Stocks skyrocketed Thursday after the latest inflation reading revealed the Federal Reserve’s battle to bring down prices is finally bearing fruit, though experts say it’s merely the first step in the Fed’s lengthy odyssey to tame inflation.
Stocks skyrocketed after the latest inflation report.
The Dow Jones Industrial Average jumped 3.7%, or 1,200 points, while the S&P 500 climbed 5.5% and the tech-heavy Nasdaq soared 7.4%.
That’s the largest daily gain for each index since 2020.
The surge follows the Labor Department’s release of last month’s consumer price index data, revealing prices rose 7.7% on an annual basis, below economist estimates and the smallest 12-month increase since January.
That’s apparent evidence that the Fed’s relentless interest rate hikes are effectively slowing the U.S.’ worst bout of inflation in four decades.
The strong CPI report proved a strong “first mile” in the Fed’s “marathon” against inflation, Rick Rieder, BlackRock’s chief investment officer for global fixed income, wrote in a Thursday note, cautioning “today’s data is far from the finish line for the Fed, and it will be a true marathon to see inflation closer to target.”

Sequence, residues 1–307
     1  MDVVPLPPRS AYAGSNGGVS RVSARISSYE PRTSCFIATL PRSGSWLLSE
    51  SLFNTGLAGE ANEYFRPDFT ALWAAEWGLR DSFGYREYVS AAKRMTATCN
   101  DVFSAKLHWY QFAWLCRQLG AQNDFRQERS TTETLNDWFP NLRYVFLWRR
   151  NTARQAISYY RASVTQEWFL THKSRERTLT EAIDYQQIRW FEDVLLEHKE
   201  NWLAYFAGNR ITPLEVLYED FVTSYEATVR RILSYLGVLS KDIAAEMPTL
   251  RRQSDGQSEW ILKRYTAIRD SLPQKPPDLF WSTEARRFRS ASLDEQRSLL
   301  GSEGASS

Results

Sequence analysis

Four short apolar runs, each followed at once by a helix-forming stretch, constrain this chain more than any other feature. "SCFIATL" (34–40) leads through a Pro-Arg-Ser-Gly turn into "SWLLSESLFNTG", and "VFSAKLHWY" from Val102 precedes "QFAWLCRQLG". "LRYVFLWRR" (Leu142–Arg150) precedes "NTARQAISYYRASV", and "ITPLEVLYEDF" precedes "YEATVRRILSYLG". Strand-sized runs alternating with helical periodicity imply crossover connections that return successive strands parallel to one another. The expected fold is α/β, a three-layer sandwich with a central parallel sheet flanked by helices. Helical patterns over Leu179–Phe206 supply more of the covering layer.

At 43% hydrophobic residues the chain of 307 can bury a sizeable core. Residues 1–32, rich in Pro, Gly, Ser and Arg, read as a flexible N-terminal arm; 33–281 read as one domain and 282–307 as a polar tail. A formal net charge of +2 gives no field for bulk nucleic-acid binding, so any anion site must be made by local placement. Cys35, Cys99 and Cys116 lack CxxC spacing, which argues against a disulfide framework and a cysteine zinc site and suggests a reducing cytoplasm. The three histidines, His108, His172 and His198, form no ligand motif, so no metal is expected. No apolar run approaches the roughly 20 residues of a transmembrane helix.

The bond market also rallied, with 10-year U.S. Treasury yields falling 33 basis points to 3.82%, its lowest level in a month.
John Lynch, Comerica Wealth Management’ chief investment officer, threw cold water on Thursday’s stock rally, proclaiming it “yet another triumph of hope over reality.” Lynch cited the “prolonged battle against inflation” ahead with still-elevated housing and energy costs and sticky wages.
Massive market movement typically follows CPI releases, with the Dow suffering its worst daily performance of 2022 after September’s reading, falling 4%, and gaining 3% following last month’s reading. The Fed has raised the federal funds rate by 75 basis points at its last four meetings, but investors are hopeful the Fed will embrace a less hawkish monetary policy as soon as next month. There’s an 81% chance the next rate hike will be only 50 basis points, according to CME Group’s closely-watched FedWatch tool.
Cryptocurrencies also rallied Thursday, with bitcoin gaining about 10%, paring some of this week’s massive losses following the collapse of crypto exchange FTX. Bitcoin is still down nearly 15% since Sunday.
Inflation Climbed 7.7% In October: Slowest Pace Since January But High Food, Rent Prices Remain ‘Problematic’ (Forbes)